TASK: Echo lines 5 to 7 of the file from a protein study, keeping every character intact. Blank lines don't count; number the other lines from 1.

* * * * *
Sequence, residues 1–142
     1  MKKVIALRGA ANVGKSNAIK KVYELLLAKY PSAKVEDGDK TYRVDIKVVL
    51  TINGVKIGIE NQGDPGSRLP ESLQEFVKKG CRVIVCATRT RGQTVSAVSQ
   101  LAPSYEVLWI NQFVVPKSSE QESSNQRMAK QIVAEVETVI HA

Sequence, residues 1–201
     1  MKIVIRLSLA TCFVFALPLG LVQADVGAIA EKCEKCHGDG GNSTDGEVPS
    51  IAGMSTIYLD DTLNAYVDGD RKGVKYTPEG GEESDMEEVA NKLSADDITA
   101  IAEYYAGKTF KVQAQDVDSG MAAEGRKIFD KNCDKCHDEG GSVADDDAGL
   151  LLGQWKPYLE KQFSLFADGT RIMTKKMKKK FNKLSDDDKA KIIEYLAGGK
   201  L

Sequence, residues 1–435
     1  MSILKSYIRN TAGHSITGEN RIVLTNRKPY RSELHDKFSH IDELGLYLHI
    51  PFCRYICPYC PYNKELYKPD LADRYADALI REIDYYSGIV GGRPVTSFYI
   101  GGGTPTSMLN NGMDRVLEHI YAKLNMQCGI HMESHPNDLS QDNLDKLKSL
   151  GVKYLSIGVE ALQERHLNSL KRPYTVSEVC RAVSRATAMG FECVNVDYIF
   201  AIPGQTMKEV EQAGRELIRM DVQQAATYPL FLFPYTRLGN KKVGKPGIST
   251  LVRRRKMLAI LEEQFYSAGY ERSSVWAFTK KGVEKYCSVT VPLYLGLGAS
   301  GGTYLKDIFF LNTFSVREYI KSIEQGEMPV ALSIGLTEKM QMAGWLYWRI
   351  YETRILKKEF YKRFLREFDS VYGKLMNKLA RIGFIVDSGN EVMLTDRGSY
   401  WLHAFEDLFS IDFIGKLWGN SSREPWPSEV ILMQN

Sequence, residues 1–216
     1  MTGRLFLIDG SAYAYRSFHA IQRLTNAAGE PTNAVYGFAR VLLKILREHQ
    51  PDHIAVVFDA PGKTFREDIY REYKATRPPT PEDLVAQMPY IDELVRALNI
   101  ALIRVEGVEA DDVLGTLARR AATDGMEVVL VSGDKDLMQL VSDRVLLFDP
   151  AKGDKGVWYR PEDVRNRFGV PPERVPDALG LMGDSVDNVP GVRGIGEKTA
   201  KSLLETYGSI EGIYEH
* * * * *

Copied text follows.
Sequence, residues 1–201
     1  MKIVIRLSLA TCFVFALPLG LVQADVGAIA EKCEKCHGDG GNSTDGEVPS
    51  IAGMSTIYLD DTLNAYVDGD RKGVKYTPEG GEESDMEEVA NKLSADDITA